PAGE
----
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lexical binding?

From: Jean-Christophe Helary
Subject: lexical binding?
Date: Sun, 24 Oct 2021 10:09:57 +0900

I need to make sure I understand this properly.

When I "setq" variables in a defun, they are by default global, so, in the 
following code:

(defun checkDayTracker ()
  "Creates values for the new index, based on yesterday's values."
    (set-buffer (find-file-noselect dayTrackerPath))
    (goto-char (point-min))
    (search-forward-regexp "\\([0-9]*\\.[0-9]*\\) \\([0-9]*\\) \\([0-9]*\\) 
    (setq timeStamp (match-string 1)
          seasonNumber (match-string 2)
          totalDays (+ 1 (string-to-number (match-string 3)))
          dayInSeason (+ 1 (string-to-number (match-string 4)))
          newTracker (format "%s %s %s %s\n" (float-time) seasonNumber 
totalDays dayInSeason))
    (goto-char (point-min))
        (insert newTracker)
  (list seasonNumber totalDays dayInSeason)))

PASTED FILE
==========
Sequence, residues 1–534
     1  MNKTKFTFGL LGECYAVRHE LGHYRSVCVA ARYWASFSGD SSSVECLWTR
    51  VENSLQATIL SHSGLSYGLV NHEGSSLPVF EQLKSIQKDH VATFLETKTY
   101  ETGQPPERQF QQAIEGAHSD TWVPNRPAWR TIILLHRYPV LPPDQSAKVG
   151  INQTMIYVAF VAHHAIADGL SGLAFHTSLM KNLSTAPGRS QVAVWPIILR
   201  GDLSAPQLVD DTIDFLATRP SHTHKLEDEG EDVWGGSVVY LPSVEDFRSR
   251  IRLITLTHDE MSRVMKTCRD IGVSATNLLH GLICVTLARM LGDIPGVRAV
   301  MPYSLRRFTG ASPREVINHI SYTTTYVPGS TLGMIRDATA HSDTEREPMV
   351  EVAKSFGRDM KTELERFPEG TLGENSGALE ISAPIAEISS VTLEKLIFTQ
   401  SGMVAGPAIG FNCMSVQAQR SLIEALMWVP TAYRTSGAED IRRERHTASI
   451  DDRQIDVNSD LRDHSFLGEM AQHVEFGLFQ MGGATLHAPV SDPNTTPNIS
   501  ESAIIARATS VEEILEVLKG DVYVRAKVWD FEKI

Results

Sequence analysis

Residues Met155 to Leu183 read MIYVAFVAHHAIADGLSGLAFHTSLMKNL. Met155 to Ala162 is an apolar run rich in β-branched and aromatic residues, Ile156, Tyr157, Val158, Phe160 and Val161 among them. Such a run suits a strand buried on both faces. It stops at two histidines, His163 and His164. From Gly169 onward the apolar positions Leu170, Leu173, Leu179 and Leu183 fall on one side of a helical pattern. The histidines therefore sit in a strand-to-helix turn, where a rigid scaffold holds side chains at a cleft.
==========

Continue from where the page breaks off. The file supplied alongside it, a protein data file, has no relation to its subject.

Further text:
I don't *need* to return a list with the values to expose them to other 
functions. I can just call the various variables by name directly in another 

If I wanted to have them strictly local, I'd use "let" and I would only be able 
to access them in the "let" block.

If the above is correct, is there anything else there is to know about lexical 
(I certainly do not presume that I've understood more than a very tiny portion 
of the surface of this issue so I suppose that the answer is yes, but...)

Also, in a 2018 thread that I started in December 2018, when I asked about 
using setq to create lists based on other lists, Robert Thorpe says "I've seen 
lots of beginners write programs that setq undefined symbols and now I know 
(https://lists.gnu.org/archive/html/help-gnu-emacs/2018-12/msg00025.html). What 
is the issue with using setq on undefined symbols? Can that break things 
eventually? Is that related to lexical binding?

Jean-Christophe Helary @brandelune

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